Adelaide Beach, New Providence, The Bahamas

Adelaide Beach, The Bahamas – Foothold of Freedom in New Providence

You may have visited Nassau in The Bahamas many times. You may have even wandered away from the downtown area and mega-resorts that make the city name, Nassau, better known than the island’s actual name, New Providence. It’s not likely, though, that you ended up here. This is Adelaide Beach. The secluded stretch of sand rests along the southwest shores of New Providence. Two of the finest golf courses in The Bahamas – Albany and Blue Shark – sit close by. So too does the uber-exclusive Albany luxury resort community. In its vibe and style, though, Adelaide might as well be a million miles away. The reason lies in the uncommon bit of slave history that occurred right here nearly 200 years ago.

Emancipated At Sea

It was the early 1830s. Slavery had not been abolished in the British West Indies. The slave trade, however, was made illegal in 1807. Ships continuing the practice were regularly boarded by the British Royal Navy. African men and women found aboard were granted their freedom.

One such collection of Africans – 157 people effectively emancipated at sea – were the original inhabitants of Adelaide Village.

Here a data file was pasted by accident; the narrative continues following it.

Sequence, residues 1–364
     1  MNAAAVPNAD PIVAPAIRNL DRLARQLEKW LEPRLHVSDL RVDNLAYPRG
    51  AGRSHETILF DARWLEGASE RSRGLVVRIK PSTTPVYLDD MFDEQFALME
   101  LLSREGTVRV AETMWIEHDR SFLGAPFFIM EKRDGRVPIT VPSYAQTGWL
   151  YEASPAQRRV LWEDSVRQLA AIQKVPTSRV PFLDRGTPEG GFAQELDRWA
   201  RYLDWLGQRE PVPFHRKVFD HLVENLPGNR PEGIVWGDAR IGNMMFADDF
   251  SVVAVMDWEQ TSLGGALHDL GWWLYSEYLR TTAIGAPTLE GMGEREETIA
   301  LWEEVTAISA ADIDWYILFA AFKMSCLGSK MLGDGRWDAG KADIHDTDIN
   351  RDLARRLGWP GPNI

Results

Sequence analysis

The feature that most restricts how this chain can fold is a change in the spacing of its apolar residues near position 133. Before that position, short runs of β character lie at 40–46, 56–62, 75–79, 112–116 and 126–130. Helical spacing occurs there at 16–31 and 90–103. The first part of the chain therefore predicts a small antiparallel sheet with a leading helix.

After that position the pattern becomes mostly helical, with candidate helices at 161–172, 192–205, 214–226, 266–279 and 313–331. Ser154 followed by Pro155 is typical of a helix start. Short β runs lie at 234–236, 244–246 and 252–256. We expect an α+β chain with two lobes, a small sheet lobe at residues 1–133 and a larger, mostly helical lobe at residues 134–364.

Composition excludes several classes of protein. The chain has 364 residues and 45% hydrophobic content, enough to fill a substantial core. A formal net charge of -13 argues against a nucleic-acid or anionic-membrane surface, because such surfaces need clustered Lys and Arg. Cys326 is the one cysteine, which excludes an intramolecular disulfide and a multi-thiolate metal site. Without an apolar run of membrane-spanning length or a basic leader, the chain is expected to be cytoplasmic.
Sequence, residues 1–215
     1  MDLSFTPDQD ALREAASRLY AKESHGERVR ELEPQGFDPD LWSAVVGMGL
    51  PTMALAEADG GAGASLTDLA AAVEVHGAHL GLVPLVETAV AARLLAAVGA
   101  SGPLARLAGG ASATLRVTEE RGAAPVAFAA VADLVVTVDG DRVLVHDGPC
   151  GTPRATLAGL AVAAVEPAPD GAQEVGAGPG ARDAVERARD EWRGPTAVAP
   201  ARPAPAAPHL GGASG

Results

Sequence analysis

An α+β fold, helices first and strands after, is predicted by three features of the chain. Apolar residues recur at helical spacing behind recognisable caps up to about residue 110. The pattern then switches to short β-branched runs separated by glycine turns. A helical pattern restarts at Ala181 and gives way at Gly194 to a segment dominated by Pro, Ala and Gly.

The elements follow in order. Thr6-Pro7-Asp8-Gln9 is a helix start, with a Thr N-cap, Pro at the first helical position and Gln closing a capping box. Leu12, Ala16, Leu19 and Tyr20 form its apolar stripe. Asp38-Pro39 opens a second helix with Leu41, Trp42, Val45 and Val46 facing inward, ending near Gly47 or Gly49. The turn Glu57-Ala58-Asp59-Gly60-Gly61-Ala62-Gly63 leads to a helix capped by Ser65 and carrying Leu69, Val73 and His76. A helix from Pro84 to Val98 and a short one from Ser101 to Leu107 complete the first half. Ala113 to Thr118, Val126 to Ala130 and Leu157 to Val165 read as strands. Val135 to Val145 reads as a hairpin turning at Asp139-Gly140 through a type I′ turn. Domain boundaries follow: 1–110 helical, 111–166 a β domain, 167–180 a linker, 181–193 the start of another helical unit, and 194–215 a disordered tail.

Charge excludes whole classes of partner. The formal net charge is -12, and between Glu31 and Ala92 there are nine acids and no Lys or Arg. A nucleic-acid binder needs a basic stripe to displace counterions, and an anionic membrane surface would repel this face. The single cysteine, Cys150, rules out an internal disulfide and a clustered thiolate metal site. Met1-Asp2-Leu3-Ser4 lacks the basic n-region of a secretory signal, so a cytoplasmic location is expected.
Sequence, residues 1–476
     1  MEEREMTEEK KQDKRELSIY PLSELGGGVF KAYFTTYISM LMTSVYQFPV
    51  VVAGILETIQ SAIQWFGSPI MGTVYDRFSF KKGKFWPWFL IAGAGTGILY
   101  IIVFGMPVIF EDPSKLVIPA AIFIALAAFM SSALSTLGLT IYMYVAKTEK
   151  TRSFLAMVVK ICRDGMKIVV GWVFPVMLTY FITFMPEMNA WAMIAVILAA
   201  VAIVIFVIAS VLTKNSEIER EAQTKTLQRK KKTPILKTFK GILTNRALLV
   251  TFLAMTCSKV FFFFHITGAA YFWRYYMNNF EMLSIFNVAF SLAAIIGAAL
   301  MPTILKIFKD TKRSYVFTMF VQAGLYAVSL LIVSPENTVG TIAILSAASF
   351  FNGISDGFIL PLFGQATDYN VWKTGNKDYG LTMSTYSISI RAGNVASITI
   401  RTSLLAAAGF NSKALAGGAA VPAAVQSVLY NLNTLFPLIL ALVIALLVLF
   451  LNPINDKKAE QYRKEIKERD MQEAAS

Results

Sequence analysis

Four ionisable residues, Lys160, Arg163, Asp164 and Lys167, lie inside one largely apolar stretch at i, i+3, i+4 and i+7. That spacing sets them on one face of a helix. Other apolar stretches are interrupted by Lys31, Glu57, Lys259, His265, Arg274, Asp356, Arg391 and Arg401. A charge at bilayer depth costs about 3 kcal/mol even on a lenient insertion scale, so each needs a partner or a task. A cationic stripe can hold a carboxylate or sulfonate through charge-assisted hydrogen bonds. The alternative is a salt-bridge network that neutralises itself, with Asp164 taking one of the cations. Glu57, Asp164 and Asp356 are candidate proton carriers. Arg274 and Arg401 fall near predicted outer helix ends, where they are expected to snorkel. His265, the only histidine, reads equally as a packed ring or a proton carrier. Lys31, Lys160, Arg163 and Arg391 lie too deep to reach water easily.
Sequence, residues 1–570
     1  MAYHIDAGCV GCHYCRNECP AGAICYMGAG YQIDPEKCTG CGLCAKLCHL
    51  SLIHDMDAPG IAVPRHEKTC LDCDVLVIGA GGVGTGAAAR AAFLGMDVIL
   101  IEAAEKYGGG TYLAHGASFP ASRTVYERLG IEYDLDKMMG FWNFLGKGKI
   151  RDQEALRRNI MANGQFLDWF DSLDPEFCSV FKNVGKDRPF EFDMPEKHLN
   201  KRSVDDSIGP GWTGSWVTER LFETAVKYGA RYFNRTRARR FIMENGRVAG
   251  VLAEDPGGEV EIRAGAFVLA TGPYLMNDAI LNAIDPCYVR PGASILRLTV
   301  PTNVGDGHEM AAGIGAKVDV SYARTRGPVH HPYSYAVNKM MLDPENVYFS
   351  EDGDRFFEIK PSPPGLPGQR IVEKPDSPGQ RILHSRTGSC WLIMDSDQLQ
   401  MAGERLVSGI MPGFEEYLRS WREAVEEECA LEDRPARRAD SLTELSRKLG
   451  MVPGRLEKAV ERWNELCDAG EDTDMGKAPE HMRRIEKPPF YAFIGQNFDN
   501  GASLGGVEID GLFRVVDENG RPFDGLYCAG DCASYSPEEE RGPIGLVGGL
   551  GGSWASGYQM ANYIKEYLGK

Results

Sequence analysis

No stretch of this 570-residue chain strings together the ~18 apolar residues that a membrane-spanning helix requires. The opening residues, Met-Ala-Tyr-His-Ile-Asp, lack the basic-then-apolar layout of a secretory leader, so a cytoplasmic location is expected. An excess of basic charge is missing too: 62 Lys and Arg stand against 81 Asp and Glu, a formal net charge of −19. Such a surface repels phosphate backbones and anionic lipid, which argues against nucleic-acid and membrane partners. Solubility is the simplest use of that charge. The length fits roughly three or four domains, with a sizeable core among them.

The British Royal Navy rescued them from a Portuguese sailing vessel in 1831. That same year, then Governor of The Bahamas, Sir James Carmichael Smyth, had founded Adelaide, and a series of other settlements, expressly for freed slaves to start new lives.

From Slavery to The Shores of Adelaide Beach

The Africans brought to these shores built their own thatched-roof homes out of limestone and wood. They drew sustenance from the sea and their own small farms.

In short order, they developed a distinctive community; one very much set apart from Nassau and the rest of New Providence.

A little piece of Africa in The Bahamas.

Adelaide Village Today

Today, Adelaide Village retains much of its isolated character. Few people live here. Many of them, though, are said to be descendants of the original 157 African residents. Many still raise chickens and grow fruits and vegetables in their yards. The homes are still mostly small and modest.

The vibe: quiet, peaceful.

This is especially true on Adelaide Beach. You’re never liable to find a crowd here, unless you visit on a major holiday. I didn’t see or hear another soul during my midweek afternoon visit back in January.

Seclusion, peace, tranquility, and a fabulous sunset were reason enough to spend a little extra time here.

For a conscious traveler like me, though, it’s the history that made visiting Adelaide Beach truly unforgettable.


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